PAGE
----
"I went to the woods because I wanted to live deliberately. I wanted to live deep and suck out all the marrow of life;
to put to rout all that was not life and not when I had come to die, discover that I had not lived." ~Henry David Thoreau

Monday, March 30, 2015

Hiking Ensign Peak

Yesterday was bad for a lot of reasons, all of them revolving around the giant hole in our lives.  I've been having some health problems, and had to to a 24 hour urine sample for my gastroenterologist.  I had to take it back up to the hospital, which was yesterday.  On Thursday when I went to the same hospital and had some work done in the lab (and picked up the cute orange urine jug) Devin was with me.  And maybe it's because Devin was there and I couldn't fall apart, or maybe because we went in to a different part of the hospital that wasn't adjacent to the Emergency Room....I really can't say what made it different, but it was different.  On Thursday we pulled into the parking lot and I immediately saw the cement helicopter pad.  I averted my eyes as fast as I could, and changed the subject as soon as Devin said "Mom, what's the giant white X over there on the ground for?"

Yesterday evening, I was a total mess.  But I had to take my gross urine sample back to the hospital within a certain time frame, so I headed back up there.  I had no idea that because it was a Saturday, all laboratory drop offs had to be done via the Emergency Room.  I won't go into detail about what I experienced as I walked up to the big sliding glass doors and heard the noises, and saw the ambulance parked right outside.  Or how Triage looked exactly like it did at the hospital on That Day.  Or how "Saving Private Ryan" was playing on the TV in the corner, and it was the part near the beginning when Mrs. Ryan gets the telegram saying her sons had been killed.

Or how as I was waiting on the Lab Tech to come get me, a woman walked in to Triage, completely frazzled and crying with her young son who had been throwing up all day, then had a seizure on the way there.  I was sitting so close to the desk that I could hear every word she said through her tears.  I looked at her son with his ghost white face and I saw him go completely limp.  And I heard the mother tell the nurse his name was Garrett.  And then the father rushed in and lifted him into the wheelchair and he said "Don't worry, Gare.  It's gonna be okay."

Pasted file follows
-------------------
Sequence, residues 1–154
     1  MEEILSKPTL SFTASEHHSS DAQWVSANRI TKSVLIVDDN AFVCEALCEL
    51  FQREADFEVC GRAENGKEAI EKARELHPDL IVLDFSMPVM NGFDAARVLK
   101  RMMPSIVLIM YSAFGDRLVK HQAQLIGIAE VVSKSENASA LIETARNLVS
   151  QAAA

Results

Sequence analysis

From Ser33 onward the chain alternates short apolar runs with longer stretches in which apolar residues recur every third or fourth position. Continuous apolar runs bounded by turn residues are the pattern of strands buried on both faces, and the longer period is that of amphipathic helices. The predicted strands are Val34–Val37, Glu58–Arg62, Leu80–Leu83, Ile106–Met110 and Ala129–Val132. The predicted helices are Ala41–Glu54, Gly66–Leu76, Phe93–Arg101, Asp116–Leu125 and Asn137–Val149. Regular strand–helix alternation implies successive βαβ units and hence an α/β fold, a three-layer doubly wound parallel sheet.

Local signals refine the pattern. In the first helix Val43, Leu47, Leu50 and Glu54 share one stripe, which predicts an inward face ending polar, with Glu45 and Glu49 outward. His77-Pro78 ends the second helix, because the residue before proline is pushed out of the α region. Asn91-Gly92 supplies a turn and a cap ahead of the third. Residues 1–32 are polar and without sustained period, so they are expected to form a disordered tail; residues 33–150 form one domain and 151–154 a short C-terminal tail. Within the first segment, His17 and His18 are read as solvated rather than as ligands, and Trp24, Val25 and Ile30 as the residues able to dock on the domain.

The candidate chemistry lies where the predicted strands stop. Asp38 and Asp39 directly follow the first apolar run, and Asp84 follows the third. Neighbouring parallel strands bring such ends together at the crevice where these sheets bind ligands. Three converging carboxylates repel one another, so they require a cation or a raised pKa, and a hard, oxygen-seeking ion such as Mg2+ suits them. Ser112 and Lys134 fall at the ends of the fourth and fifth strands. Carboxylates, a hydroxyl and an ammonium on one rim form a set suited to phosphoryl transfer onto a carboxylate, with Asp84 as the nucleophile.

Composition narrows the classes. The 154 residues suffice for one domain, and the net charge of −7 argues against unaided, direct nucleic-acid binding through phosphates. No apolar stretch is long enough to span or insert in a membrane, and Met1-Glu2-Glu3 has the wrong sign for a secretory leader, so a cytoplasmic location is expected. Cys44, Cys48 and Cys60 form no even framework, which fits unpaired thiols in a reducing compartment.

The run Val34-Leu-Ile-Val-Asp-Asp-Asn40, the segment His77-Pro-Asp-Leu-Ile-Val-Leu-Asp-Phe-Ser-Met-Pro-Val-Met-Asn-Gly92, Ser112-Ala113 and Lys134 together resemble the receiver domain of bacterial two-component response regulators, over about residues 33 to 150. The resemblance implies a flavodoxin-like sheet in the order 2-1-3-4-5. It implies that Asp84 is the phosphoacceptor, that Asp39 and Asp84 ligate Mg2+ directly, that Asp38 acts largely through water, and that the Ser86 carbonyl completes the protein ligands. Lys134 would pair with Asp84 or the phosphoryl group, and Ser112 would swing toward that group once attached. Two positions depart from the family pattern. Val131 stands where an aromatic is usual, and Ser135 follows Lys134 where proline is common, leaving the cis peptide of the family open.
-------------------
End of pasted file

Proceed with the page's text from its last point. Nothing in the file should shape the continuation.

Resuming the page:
And I felt the vomit rising in my throat and thought of the millions of times we called Garrett "Gare" for short.  And right then, I wanted to die all over again.

Luckily, the vomit stayed at bay long enough for me to get to to my car so I could expel it all over the parking lot.  It was a miserable and unfair experience, but I won't go into every detail.

I went into my "fear of being touched" mode.  It was so bad on the way home from the hospital, that I ran inside the house and started ripping my clothes off before I was fully inside our bedroom.  When it happens like that, I can't have anything touching my skin.  It's a mystery as to why it happens, but I have to be naked and alone.  Cody tried all evening to get me to talk to him about what was going on.  For some reason, I couldn't talk about any of it.  I couldn't get the words past my throat.  At one point Lauren came to snuggle with me on the bed and I almost came out of my skin.  I took her arm and said "Mommy can't be touched right now.  I saw something very scary at the hospital that made me sad, and I can't have anyone touch me."

I really don't know why everything lined up that night to give me that exact experience.  It seems cruel.  I finally did talk to Cody about it long after kids had gone to bed, and the two of us cried together until very late into the night.  I don't know what came of that other Garrett from the ER, but it haunted me all night long.

Cody woke up very early while the rest of the house was still sleeping.  He crept out and went to The Cemetery.

The rest of the morning found us lying in bed, crying together, reliving That Day and fantasizing about all the do-overs we wish we had.  It's something we think about a lot, as pointless as it is.  Then I decided we could lie in bed all day and feel like dying while our kids watched TV and played on the computer, or we could do something.  Church was definitely out of the question.  In our old life, we were a family that loved to hike and camp and spent very little time indoors.  My blue Kelty hiking backpack that carried Garrett all over Moab and the Wasatch Front is sitting in our storage unit, never to be used again by him.  We haven't done any hiking since Garrett died, but as I laid in bed and cried I suddenly had the urge to get out and hike.

Before I knew it, Cody was up packing a picnic lunch and I was in the shower.  The kids were pretty excited about going hiking because it's something from our old life that they've greatly missed.  We decided on Ensign Peak because oddly enough, it's a hike we've never done before even though it's so close to our house.  It will be a very long time before we can go on any trails we did with Garrett, and that's another thought that fills me with sadness and dread.

It was a glorious day outside and being at the summit, looking out at our city and the Great Salt Lake and thinking about the last time we were there together doing family pictures, made me smile through bittersweet tears.  I always wonder if Garrett is with us when we have new adventures like that.  I hope he is.  I hope with all my heart that he isn't missing a thing.

Signing the letter "G"

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